Vision Problems

Vision problems are likely to affect everyone at some point or another. The most common are refractive errors, otherwise known as short- or longsightedness, astigmatism and presbyopia (which affects everyone in some way after the age of around 40).

Other vision problems and conditions are more serious and can have a greater impact on our quality of life. Regular eye examinations with an optometrist are essential to combat potential issues and help maintain good vision for life.

Common symptoms

Many eye diseases have no early symptoms.

They may be painless, and you may see no change in your vision until the condition has become quite progressed. The single best way to protect your vision is through regular eye examinations.

There are some symptoms and eye changes however that may indicate something is wrong. If you experience any of the following, schedule an appointment with your optometrist immediately.

  • Loss of vision
  • Blurred, hazy or double vision
  • Severe, sudden or recurrent eye pain
  • Seeing flashes of light or sudden dark floating spots
  • Unusual or painful sensitivity to light or glare
  • Swollen, red eyes
  • Excessive discharge (gunk) from the eyes - particularly if green or yellow

Some common problems that affect many of us


Dry eye

Almost everyone has experienced a feeling of dry eye at some time. Some people have very mild dry eye, which causes only a temporary irritation. Dry eye can also be a long-term condition associated with great discomfort or pain, and can affect your vision. Dry eye is very common but people who experience this condition should not think they just have to live with it. Due to improvements in diagnosis and treatment of dry eye, almost all dry eye patients can experience relief of their symptoms.



Floaters are small moving spots that appear in your field of vision. They may be especially noticeable when you look at something bright or a uniform coloured background.  Eye floaters can be annoying but they generally don’t interfere with your sight. If you experience a sudden increase in floaters (particularly when accompanied by bright flashes of light) you should have your eyes examined urgently with an optometrist.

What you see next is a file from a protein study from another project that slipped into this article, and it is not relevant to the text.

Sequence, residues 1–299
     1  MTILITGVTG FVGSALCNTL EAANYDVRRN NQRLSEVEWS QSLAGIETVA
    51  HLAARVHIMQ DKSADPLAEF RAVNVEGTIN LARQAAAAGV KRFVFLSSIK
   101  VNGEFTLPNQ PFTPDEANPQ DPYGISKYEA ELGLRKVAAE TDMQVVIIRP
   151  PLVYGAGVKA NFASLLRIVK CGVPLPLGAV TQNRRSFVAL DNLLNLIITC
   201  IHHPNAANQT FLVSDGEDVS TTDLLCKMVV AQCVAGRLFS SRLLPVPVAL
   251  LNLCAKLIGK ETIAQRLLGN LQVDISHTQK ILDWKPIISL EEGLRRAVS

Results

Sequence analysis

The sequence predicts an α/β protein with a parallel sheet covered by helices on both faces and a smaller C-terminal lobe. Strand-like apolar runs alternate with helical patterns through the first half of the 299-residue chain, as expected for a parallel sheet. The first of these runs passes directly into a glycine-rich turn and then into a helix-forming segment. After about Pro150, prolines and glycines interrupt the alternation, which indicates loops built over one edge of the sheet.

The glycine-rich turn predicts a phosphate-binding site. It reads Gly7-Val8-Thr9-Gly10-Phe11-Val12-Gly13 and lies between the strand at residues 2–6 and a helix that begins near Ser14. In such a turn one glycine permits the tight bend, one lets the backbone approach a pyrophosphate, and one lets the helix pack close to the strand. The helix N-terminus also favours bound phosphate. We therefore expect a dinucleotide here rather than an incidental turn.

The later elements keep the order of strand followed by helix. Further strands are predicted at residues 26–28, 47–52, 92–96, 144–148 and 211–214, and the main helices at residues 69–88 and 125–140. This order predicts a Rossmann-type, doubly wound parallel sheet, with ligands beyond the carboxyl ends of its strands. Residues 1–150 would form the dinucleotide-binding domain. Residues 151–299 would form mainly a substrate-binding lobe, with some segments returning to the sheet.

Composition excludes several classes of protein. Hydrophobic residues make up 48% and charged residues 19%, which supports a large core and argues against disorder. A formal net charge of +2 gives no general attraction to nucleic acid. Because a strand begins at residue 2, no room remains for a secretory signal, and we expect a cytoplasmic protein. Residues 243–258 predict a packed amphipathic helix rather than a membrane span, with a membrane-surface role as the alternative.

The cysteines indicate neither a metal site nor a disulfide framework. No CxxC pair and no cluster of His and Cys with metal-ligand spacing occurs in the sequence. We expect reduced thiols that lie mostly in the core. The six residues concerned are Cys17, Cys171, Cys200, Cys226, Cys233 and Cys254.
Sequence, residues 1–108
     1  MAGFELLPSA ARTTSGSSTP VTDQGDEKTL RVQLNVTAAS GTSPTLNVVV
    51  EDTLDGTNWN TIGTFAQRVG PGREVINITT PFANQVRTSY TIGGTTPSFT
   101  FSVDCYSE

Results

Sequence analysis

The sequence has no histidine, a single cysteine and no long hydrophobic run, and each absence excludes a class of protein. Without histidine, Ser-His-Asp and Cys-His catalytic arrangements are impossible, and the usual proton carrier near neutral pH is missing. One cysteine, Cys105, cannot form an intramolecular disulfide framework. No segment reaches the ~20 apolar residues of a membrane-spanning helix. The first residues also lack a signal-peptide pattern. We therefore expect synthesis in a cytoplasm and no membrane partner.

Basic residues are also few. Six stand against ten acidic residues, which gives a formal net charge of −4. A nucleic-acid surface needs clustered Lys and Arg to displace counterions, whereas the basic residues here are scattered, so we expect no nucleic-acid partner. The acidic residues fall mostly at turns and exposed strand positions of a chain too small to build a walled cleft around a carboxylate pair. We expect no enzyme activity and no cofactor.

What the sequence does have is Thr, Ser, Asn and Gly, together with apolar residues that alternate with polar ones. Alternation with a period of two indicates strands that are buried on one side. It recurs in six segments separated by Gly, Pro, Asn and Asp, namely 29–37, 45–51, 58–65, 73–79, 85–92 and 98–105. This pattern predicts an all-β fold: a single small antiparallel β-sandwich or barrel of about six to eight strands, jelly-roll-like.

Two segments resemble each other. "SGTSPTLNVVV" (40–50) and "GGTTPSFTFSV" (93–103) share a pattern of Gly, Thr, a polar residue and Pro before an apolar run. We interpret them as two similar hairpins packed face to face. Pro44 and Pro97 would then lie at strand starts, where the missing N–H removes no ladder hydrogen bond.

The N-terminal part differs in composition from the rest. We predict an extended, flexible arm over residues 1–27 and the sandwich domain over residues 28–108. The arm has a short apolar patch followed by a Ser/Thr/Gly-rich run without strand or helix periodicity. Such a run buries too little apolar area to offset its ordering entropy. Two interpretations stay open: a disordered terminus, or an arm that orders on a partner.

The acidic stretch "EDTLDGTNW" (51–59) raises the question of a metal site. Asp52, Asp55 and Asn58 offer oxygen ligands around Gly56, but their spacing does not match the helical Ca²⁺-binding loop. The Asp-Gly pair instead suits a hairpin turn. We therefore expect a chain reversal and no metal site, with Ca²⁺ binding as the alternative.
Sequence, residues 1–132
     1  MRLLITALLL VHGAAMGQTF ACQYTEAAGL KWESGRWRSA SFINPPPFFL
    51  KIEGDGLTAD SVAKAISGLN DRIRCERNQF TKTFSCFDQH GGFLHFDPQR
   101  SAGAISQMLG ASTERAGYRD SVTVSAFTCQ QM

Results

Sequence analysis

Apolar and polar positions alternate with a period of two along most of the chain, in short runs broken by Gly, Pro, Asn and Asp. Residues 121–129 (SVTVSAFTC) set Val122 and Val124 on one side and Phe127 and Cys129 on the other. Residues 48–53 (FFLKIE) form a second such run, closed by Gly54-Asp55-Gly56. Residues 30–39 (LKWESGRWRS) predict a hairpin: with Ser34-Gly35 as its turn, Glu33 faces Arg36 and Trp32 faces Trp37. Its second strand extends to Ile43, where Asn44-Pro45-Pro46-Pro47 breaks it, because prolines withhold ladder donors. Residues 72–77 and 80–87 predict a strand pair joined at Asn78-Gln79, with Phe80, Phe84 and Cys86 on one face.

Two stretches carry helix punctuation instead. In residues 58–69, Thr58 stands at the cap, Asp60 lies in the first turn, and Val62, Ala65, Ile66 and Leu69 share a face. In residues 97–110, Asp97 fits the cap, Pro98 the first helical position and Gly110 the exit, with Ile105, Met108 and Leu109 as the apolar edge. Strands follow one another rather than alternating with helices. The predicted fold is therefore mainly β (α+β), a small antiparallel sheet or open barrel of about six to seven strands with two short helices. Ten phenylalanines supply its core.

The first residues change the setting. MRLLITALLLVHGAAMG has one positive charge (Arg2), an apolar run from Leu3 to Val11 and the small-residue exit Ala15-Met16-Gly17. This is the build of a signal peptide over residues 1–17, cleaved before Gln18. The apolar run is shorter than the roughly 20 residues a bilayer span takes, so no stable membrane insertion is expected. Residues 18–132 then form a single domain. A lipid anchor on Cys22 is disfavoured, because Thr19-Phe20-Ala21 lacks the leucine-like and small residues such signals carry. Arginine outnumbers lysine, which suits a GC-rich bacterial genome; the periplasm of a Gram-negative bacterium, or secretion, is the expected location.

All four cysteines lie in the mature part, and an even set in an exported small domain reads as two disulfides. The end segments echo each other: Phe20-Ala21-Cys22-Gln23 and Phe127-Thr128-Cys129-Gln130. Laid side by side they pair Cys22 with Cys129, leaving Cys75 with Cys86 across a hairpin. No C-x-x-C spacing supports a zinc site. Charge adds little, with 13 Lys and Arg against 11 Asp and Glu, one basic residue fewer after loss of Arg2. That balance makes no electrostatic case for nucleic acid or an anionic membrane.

Eye allergies

When an allergen comes in contact with the eye, the body automatically produces a substsance called histamine, which results in allergic symptoms. Common allergic substances such as pollen, dust mites and animal hair, as well as seasonal allergies such as hayfever, can cause allergic symptoms such as red, watery, itchy and sore eyes. Speak to your optometrist about the best product to use to manage your eye allergies.

Eye conditions


Myopia, or shortsightedness as it is commonly known, is an eye condition where you do not see distant objects clearly.


Hyperopia or longsightedness is an eye condition where you can see distant objects very well, but have difficulty seeing clearly up close.


Astigmatism is a common eye condition in which you have difficulty seeing clearly at both near and far distances.


Presbyopia, is the gradual reduction in flexibility of the lens of the eye with age and usually becomes noticeable between the ages of 40 and 50.


A Cataract occurs when the normally clear lens inside your eye becomes cloudy, and is like looking through a dirty window. It is a leading cause of vision impairment.


Glaucoma is the name given to a group of eye diseases in which the optic nerve at the back of the eye is slowly destroyed, and often runs in families.

Diabetic retinopathy

Diabetic retinopathy is a diabetes complication that affects the eyes. It’s caused by damage to the blood vessels of the light-sensitive retina at the back of the eye.

Age-related macular degeneration

Age related macular degeneration generally occurs as a result of changes in the macula due to ageing, which cause your central vision to blur.


A pterygium (pronounced te-ri-gi-um, plural: pterygia) is fleshy tissue that grows in a triangular shape over the cornea. It most commonly occurs on the inner corner of the eye but can also appear on the outer corner, and it may grow large enough to interfere with vision.

Colour Deficiency

Colour deficiency, commonly known as colour blindness, is the inability to perceive certain shades of colour, with the inability to clearly differentiate some shades of red and green the most common form of colour deficiency.


Keratoconus (literally meaning "conical cornea") is a thinning of the central zone of the cornea – the clear, front surface of the eye that is usually shaped like a dome. It can lead to eyea focusing at multiple points instead of a single point, leading to blurred, flared, or doubled vision. It can also cause sensitivity to light and glare.